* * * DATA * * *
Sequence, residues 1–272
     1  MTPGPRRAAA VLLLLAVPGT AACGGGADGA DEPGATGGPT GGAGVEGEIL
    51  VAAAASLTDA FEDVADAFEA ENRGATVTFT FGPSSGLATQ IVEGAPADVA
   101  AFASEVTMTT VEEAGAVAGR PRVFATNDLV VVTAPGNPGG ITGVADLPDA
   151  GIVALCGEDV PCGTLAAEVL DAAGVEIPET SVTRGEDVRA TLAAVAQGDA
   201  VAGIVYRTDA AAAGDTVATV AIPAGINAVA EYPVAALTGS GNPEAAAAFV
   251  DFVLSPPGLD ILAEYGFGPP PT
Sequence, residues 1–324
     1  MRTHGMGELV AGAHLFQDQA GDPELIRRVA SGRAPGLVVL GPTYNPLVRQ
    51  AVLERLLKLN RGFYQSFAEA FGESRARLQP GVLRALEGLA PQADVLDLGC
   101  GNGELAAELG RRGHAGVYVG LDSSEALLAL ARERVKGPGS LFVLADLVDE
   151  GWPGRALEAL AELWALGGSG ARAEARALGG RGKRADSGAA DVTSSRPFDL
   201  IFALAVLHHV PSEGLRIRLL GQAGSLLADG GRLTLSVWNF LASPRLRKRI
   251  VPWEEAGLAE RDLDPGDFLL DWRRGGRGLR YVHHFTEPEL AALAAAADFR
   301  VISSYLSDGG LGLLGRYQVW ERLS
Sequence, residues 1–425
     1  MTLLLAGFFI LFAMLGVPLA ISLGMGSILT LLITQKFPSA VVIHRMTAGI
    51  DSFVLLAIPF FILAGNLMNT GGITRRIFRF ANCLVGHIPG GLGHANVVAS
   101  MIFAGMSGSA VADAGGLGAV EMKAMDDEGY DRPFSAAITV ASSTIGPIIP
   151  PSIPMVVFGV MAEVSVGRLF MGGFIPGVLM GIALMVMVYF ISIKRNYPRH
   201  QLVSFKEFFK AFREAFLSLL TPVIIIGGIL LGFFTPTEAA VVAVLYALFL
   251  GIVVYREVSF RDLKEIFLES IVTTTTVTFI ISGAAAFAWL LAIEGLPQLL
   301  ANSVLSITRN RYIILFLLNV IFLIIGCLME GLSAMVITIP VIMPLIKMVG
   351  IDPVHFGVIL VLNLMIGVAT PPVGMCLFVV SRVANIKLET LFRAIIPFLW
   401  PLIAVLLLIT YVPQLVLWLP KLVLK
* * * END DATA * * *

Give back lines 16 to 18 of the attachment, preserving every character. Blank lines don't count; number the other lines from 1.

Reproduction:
Sequence, residues 1–425
     1  MTLLLAGFFI LFAMLGVPLA ISLGMGSILT LLITQKFPSA VVIHRMTAGI
    51  DSFVLLAIPF FILAGNLMNT GGITRRIFRF ANCLVGHIPG GLGHANVVAS